Arthritis: ‘High tea consumption had an inverse association to the risk of RA’ says study

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The word arthritis is used to describe pain, stiffness, and swelling of joints. It isn’t a single condition and there are several different types. Could a simple daily walk and cups of tea help?

Some evidence suggests certain teas help relieve pain from arthritis.

Tea is a popular beverage around the world and has properties that can affect the immune system.

The association between tea consumption and the risk of rheumatoid arthritis (RA), a chronic autoimmune disease primarily affecting the joints, is not well studied and results are conflicting.

Teas, whether enjoyed hot or cold, are water-based, so they don’t have added calories, sodium, preservatives, sweeteners, carbohydrates, proteins, or fats when made at home.

When you steep tea leaves in hot water, you’re getting the essence of the plant’s benefits, which include polyphenols, or antioxidants.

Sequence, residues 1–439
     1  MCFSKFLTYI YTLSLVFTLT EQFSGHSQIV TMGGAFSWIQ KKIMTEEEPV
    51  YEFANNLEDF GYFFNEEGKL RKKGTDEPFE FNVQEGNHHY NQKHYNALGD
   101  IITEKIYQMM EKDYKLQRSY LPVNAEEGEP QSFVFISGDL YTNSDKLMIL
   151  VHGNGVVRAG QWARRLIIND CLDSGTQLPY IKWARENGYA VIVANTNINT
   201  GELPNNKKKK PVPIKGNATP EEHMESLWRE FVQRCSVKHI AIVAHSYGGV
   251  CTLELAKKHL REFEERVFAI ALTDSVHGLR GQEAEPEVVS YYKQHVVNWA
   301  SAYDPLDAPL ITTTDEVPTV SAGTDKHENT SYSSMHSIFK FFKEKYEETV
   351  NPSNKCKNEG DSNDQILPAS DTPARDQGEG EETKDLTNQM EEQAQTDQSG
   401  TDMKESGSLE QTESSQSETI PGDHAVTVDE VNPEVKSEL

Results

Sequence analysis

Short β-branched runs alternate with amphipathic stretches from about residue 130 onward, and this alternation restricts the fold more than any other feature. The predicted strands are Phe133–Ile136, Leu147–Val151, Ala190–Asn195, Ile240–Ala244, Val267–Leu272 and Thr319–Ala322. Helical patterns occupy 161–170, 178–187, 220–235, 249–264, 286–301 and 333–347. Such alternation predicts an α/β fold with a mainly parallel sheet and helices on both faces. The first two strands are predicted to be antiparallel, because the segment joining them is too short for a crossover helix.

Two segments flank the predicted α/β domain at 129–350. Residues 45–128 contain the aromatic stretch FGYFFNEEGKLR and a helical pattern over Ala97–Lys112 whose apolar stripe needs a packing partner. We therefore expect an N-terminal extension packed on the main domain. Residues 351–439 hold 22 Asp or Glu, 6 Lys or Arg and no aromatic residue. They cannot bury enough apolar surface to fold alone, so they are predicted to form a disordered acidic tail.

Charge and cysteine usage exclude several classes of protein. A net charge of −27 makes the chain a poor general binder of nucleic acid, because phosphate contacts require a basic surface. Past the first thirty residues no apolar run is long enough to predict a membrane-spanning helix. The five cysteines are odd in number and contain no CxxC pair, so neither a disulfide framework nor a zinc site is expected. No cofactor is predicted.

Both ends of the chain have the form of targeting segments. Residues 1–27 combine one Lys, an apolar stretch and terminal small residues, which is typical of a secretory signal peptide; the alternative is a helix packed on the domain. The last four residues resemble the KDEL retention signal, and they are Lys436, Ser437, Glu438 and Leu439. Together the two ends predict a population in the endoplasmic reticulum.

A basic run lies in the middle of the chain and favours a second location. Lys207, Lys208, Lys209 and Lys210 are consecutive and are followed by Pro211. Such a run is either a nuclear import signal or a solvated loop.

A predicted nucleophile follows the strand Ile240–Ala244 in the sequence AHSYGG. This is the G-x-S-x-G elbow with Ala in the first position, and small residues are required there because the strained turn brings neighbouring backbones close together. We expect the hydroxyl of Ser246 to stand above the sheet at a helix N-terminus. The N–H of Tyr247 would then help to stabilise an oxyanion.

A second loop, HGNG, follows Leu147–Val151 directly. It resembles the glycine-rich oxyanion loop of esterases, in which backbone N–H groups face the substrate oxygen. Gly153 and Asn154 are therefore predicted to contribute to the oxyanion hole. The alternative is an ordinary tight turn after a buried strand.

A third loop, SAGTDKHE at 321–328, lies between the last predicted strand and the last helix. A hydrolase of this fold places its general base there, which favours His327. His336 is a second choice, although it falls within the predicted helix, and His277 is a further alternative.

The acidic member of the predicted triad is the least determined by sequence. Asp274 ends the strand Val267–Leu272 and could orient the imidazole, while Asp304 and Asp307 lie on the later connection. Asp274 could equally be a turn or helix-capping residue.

In addition to helping soothe rheumatoid arthritis, tea may also perk you up with its caffeine content, protect against heart disease and possibly cancer, lower cholesterol, and lower diabetes risk.

“Among the cases, we found 57.3 percent to be ever consumers of tea with 19.7 having a high tea consumption,” noted the study.

“Corresponding figures for the controls were 58.4 percent ever drinkers with 22.1 percent high tea consumers.

“High tea consumption had an inverse association to the risk of RA compared to irregular consumption.”

The study concluded that a protective effect of high consumption of tea was evident.

It also found that those who drank more than two cups of tea a day were less likely to have rheumatoid arthritis than non-tea-drinkers or those who didn’t drink tea regularly.

Exercise has also been shown to reduce the risk of arthritis, however people at risk need to take greater care about the type of exercise they do.

Exercises that involve repeated pressure on the joints, such as running, can worsen the condition.

In those cases, activities such as brisk walking and swimming can reduce the burden on the joints while still providing the health benefits of exercise.

Your GP can give advice specific to your health circumstances about how to exercise without risking joint damage.



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